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Futuristics: Virtual Fun

By Flynn Remedios – Futuristic Media Network

Got an important board presentation the day after? Want to spruce up your image before the chairman? It’s a once in a lifetime chance remember!!! So what do you do? Junk the conventional Powerpoint presentation and try adding a few Virtual Effects, 3D and Dolby Sound-like magic to your otherwise boring PPT. And is that possible – yes it is.

There was a time when 3D and virtual reality (VR) software and effects could only be viewed with special goggles? And, in spite of all those contraptions and contrivances, the images made a perfect recipe for sore eyes. They were crude and lacked the finesse and sophistication displayed by even some of the relatively down-market productions available today.

All that is a thing of the past. Different VR formats like the QuickTime VR developed by Apple and other similar formats from competing software companies have literally put VR on the desktop of the corporate and marketing manager.
QuickTime VR is an extension of the QuickTime technology developed by Apple Computer Inc that allows users to interactively explore and examine photorealistic, three-dimensional virtual worlds.

Unlike many other virtual reality systems, QuickTime VR does not require the user to wear goggles or gloves. Instead, the user navigates in a virtual world using standard input devices (such as the mouse or keyboard) to change the image displayed by the QuickTime VR movie controller. The images displayed in QuickTime VR movies can rendered on a computer using a three-dimensional graphics package.

Also, producing software for such applications is quite easy, thanks to applications like QTVR Authoring Studio and several others that are available at affordable prices. Some VR production software is also available as shareware on the internet – obviously such shareware wouldn’t incorporate all the finer features.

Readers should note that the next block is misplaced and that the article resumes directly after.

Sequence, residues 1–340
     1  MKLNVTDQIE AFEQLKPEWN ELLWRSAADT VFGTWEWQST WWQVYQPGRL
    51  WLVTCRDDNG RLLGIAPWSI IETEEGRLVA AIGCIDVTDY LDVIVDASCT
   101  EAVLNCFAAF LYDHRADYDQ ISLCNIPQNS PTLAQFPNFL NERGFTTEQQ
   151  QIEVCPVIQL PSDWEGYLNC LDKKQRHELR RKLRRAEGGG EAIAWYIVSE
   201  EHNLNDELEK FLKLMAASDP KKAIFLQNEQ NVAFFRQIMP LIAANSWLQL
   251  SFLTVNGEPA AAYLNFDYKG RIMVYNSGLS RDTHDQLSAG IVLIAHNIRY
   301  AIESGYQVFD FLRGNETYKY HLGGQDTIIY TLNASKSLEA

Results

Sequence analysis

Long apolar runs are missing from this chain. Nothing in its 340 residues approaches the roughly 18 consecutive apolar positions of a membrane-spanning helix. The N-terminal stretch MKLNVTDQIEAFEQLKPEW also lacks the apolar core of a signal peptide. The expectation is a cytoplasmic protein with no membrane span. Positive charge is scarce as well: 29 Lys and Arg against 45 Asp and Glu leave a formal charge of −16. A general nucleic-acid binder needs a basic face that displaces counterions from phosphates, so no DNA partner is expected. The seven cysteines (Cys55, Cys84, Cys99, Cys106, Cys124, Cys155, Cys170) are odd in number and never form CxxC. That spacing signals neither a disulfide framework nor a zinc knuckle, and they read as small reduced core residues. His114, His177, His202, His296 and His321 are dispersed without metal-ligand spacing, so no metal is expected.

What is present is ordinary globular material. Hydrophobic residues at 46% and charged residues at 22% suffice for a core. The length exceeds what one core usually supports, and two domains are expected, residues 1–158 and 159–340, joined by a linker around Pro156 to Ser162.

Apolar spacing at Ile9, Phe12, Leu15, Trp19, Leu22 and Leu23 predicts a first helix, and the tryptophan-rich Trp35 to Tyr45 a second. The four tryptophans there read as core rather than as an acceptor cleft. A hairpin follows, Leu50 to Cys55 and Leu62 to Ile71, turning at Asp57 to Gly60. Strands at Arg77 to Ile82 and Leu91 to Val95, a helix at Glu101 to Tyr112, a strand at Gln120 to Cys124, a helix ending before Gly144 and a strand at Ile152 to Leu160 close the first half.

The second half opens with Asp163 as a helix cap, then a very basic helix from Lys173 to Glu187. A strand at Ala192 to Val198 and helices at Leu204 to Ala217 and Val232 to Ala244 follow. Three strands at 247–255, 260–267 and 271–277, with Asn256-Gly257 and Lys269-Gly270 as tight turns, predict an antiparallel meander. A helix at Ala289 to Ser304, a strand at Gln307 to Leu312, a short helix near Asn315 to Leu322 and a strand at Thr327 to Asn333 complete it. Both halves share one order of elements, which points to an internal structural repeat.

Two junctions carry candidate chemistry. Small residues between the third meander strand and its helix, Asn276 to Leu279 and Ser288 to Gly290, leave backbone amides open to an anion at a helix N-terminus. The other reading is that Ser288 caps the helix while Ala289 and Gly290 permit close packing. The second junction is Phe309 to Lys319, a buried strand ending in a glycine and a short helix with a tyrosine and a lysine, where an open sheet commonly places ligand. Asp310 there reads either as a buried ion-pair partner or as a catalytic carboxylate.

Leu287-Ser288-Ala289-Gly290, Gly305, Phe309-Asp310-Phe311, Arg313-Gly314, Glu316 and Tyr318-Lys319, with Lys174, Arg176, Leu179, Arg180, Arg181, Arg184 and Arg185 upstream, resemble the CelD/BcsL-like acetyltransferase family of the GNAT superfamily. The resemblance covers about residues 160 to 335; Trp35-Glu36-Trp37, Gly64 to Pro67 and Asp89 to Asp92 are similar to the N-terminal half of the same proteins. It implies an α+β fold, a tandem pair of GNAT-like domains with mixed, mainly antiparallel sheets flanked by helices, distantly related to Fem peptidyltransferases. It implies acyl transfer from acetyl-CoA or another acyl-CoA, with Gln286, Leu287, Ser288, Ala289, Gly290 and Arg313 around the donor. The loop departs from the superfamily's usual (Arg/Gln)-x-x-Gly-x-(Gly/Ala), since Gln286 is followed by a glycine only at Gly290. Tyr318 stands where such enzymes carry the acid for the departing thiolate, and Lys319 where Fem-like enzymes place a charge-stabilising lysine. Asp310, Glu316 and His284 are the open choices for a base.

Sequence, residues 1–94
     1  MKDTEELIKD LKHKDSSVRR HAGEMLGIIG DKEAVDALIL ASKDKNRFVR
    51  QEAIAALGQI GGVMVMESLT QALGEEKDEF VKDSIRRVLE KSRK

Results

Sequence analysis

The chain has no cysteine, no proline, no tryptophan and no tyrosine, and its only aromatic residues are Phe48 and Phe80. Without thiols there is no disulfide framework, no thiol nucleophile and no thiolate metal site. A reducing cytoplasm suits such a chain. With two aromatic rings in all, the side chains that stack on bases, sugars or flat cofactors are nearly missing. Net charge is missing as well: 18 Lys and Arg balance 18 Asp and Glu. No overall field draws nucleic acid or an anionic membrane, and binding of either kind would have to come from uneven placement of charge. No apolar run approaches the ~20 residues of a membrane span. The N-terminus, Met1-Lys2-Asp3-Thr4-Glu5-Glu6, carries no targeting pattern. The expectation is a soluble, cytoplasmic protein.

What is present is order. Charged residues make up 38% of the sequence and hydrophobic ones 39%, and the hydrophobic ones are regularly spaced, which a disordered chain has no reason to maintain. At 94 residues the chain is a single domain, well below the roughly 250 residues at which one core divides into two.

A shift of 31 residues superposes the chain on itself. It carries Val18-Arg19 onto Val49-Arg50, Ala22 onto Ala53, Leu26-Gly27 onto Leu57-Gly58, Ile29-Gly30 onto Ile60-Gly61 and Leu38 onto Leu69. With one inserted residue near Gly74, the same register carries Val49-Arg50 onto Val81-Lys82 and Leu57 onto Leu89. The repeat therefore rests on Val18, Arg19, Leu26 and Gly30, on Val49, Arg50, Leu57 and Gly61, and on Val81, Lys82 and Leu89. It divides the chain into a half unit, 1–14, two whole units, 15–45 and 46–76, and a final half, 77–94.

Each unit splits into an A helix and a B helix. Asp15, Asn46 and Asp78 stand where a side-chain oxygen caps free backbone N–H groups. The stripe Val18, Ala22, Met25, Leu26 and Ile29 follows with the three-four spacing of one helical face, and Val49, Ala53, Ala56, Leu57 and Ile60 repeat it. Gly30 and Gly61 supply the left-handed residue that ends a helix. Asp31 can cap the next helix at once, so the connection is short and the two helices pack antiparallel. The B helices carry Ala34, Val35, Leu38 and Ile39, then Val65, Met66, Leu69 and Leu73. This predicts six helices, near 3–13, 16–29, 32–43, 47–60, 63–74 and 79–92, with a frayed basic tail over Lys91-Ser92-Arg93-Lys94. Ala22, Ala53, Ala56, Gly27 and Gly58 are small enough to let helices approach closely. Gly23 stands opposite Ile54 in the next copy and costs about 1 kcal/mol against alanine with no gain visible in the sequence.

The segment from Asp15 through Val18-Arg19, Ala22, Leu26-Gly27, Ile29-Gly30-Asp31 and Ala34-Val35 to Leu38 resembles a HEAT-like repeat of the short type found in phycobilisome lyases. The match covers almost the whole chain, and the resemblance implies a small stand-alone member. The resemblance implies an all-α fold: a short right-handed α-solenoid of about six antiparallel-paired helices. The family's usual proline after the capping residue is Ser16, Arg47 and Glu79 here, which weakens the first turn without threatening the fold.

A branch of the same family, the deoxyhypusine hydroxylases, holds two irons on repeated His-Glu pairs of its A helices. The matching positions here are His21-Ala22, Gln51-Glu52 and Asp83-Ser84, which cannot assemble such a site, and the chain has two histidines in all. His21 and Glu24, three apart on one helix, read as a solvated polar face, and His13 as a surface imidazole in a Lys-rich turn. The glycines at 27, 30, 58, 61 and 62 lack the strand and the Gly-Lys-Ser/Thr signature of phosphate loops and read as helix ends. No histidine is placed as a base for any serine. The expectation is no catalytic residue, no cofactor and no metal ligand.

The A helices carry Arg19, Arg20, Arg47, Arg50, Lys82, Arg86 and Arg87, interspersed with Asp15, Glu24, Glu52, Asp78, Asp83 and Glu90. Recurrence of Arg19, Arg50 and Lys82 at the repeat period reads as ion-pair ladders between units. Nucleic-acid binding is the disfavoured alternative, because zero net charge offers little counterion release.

This means that producing VR applications and presentations is as convenient as producing Word or PowerPoint demos. Hypothetically yes, though it may be difficult for the uninitiated and Latin and Greek for still others who can barely use MS Word.

However, for those who master this product, with a few clicks of the mouse and a couple of scanned images, the software allows the developer to add effects that range from the downright bizarre to the completely grotesque. All this in the minimum possible time, so that corporate managers can actually carry all the production software on their laptops and change VR demos and presentations enroute from one meeting to the other.

So while in Mumbai you can open your presentation with a background image of the Gateway of India and some high-pitched Mumbai-local train chatter as your background score and when in Delhi change the introduction template to include the India Gate and some Karol Bagh tamasha – if that’s your cup of tea.

The most important feature of the currently available VR production software is the portability they offer and their capability to suck out relevant data from standard RDBMS systems or even from ERP and other MIS software. The VR software can draw out data in real-time from say an ERP product like SAP and simultaneously modify the presentation that could include a graph or a pie-chart embedded within another graphic. Of course, besides VR, several other presentation packages make just as good or even better presentations, but the novelty of having a VR embedded presentation can still turn heads and make headlines in the press the next day.

Another aspect is the simplicity and compactness of the generated VR files. They occupy just a few megabytes of hard disk space, and can be stored on a small laptop. If the images are huge, they can be stored on a media server and by incorporating a format like OBVI (Object-based video interface) into the VR presentation, they can be only downloaded via the internet as and when required. The manager can leave the image files on his server and stream them into his presentations.

As these techniques progress to dizzy heights of technical sophistication and software becomes easier to use and even easier to carry around and integrate, we owe these benefits largely to the internet that has made portability a de facto requirement.
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